... Ethanolic extract of the leaves of M. indica L. leaves produced a significant hypoglycemic effect at a dose of 250 mg/kg, both in normal and streptozotocin (STZ)induced diabetic animals. The stimulation of β-cells to release insulin was thought to be part of the mechanism of action [25]. The effect of the aqueous extract of the leaves of M. indica L. leaves on blood glucose level in normoglycemic, glucose-induced hyperglycemic, and STZ-induced diabetic rats indicate that the aqueous extract of the leaves of M. indica L. possesses hypoglycemic activity. ...
Article
Full-text available
Objective: To evaluate and compare the hypoglycemic activity of ten medicinal plantsextract that are used empirically to treat hyperglycemia in Indonesia, in order to determineplant with the most potential as a hypoglycemic agent.Methods: Activity test was conducted in Swiss Webster glucose induced mice with glucosetolerance test. The ethanolic extracts of Mangiferaindica L. leaves, Perseaamericana Mill.leaves, Acoruscalamus L. rhizome, Phyllanthusniruri L. herb, Syzigiumcumini (L.) skeelsbark, Zingiberofficinale Roscoe rhizome, Moringaoleifera Lam. leaves, TamarindusindicaL. seed, Momordicacharantia L. fruits and Azadirachtaindica A. juss leaves, which weregiven orally at the same dose of 300 mg/kg bw. The blood samples wereused for determination of glucose level examination using glucose meter and test strips (AccuChek).Results: The ethanolic extract of Mangiferaindica L. leaves has the best activity in reductionof blood glucose level in mice, followed by Zingiberofficinale Roscoe rhizome,Acoruscalamus L. rhizome, Tamarindusindica L. seed.,MomordicacharantiaL. fruit., Syzigiumcumini (L.) skeels bark, Phyllanthusniruri L. herb., Perseaamericana Mill. leaves, andAzadirachtaindica A. juss leaves.Conclusion: Results of the present study suggest the potential use of Mangiferaindica L.leaves extract in therapy of hyperglycemia.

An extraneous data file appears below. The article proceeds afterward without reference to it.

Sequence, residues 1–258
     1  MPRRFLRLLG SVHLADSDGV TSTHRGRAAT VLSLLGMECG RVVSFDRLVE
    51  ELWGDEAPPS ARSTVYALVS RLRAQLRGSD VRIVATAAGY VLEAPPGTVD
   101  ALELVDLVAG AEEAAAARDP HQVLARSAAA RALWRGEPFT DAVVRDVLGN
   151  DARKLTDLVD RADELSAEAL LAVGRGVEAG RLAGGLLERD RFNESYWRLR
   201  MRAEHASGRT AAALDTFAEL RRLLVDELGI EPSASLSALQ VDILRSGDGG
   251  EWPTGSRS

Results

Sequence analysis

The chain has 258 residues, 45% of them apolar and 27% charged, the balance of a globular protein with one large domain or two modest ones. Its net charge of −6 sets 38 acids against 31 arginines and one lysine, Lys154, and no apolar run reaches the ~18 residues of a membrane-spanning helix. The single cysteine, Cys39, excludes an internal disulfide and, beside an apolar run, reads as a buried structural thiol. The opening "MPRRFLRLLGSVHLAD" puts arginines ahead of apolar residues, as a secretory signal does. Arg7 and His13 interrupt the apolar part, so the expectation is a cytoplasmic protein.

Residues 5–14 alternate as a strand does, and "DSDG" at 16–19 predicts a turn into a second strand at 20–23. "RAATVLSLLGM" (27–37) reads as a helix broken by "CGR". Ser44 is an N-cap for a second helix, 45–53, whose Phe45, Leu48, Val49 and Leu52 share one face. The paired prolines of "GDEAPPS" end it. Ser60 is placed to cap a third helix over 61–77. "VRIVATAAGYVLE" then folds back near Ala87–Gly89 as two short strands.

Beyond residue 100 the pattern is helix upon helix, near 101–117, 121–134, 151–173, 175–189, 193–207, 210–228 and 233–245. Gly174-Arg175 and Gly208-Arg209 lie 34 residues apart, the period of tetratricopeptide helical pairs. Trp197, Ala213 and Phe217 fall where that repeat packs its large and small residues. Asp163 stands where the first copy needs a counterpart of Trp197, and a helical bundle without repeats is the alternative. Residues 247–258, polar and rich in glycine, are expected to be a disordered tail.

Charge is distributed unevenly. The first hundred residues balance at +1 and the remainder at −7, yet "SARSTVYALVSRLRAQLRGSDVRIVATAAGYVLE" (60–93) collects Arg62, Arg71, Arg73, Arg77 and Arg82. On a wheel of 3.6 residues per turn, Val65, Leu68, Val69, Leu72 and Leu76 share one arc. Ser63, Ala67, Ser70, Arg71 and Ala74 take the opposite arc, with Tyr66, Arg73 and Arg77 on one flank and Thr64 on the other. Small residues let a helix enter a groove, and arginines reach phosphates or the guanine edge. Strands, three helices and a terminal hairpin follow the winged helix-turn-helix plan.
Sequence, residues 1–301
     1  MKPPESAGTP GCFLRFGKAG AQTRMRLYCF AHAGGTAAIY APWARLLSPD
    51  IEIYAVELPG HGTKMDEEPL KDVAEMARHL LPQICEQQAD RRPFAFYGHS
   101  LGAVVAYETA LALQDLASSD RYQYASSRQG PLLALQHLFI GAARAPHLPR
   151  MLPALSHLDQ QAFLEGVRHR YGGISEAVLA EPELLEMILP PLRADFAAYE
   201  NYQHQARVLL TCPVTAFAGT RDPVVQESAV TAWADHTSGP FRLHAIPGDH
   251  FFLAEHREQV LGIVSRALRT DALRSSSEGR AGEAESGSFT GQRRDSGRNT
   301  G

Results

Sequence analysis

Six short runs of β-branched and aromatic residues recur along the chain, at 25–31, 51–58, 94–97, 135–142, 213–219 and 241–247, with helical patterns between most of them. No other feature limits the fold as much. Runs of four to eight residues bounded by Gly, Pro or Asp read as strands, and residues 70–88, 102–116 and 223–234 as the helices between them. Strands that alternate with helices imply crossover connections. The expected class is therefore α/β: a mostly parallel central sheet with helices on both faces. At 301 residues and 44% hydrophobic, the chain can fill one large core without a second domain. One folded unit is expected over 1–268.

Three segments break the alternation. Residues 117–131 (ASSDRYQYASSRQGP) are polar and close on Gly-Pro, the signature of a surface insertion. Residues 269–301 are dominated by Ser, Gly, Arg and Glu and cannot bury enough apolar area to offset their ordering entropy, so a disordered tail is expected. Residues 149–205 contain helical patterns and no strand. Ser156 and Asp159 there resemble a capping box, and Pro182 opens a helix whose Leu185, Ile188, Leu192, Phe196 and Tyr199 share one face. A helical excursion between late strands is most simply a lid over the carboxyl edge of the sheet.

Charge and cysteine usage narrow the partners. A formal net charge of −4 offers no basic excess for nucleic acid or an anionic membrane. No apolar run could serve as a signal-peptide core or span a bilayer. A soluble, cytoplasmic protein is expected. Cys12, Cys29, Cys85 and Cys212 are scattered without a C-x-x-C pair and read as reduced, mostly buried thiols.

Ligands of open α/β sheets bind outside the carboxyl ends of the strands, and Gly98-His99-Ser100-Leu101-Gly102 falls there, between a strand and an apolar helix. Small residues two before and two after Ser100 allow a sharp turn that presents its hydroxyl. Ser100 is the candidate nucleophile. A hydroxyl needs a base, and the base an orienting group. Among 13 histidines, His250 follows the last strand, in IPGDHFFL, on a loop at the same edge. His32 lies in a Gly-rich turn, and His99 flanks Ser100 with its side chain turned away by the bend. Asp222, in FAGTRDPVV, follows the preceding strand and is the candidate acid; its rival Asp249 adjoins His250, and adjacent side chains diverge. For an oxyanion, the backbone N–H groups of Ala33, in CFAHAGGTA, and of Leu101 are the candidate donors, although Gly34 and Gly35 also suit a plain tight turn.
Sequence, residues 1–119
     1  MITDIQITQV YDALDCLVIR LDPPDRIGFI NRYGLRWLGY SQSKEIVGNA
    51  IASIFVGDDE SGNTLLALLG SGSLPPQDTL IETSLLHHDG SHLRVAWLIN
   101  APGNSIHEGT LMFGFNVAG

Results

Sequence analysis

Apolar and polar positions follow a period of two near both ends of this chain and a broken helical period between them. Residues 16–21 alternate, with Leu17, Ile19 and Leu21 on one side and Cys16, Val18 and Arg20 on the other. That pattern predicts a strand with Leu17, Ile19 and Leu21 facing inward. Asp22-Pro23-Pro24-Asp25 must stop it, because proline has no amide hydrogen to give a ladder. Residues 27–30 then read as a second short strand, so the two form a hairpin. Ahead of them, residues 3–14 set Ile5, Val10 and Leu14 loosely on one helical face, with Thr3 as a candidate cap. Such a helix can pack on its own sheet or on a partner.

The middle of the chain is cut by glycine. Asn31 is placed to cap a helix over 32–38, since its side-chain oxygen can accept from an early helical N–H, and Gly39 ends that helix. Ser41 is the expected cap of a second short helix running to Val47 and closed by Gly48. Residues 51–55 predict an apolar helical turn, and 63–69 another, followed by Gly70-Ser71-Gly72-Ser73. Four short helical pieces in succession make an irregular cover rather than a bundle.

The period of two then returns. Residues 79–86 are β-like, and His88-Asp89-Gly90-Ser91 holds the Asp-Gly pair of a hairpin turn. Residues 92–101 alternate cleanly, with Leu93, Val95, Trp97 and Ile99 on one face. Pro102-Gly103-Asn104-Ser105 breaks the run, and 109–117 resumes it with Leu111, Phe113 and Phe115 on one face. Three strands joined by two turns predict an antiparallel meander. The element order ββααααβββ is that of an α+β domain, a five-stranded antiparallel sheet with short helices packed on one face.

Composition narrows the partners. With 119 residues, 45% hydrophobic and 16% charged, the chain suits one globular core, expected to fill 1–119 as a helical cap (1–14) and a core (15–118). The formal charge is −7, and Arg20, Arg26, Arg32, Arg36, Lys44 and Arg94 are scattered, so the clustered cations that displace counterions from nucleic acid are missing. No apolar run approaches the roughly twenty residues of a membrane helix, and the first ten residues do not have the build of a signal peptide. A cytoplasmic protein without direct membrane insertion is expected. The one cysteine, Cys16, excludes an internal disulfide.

... However, it is more effective in type 2 diabetes compared to type 1 diabetes ( ). The extracts were found to induce the β-cells in pancreas to secrete more insulin which subsequently reduced the blood sugar level ( Sharma et al., 1997). Another possible mechanism of action could be due to the extracts that caused the reduction in intestinal glucose absorption (Aderibigbe et al., 1999). ...
Chapter
Full-text available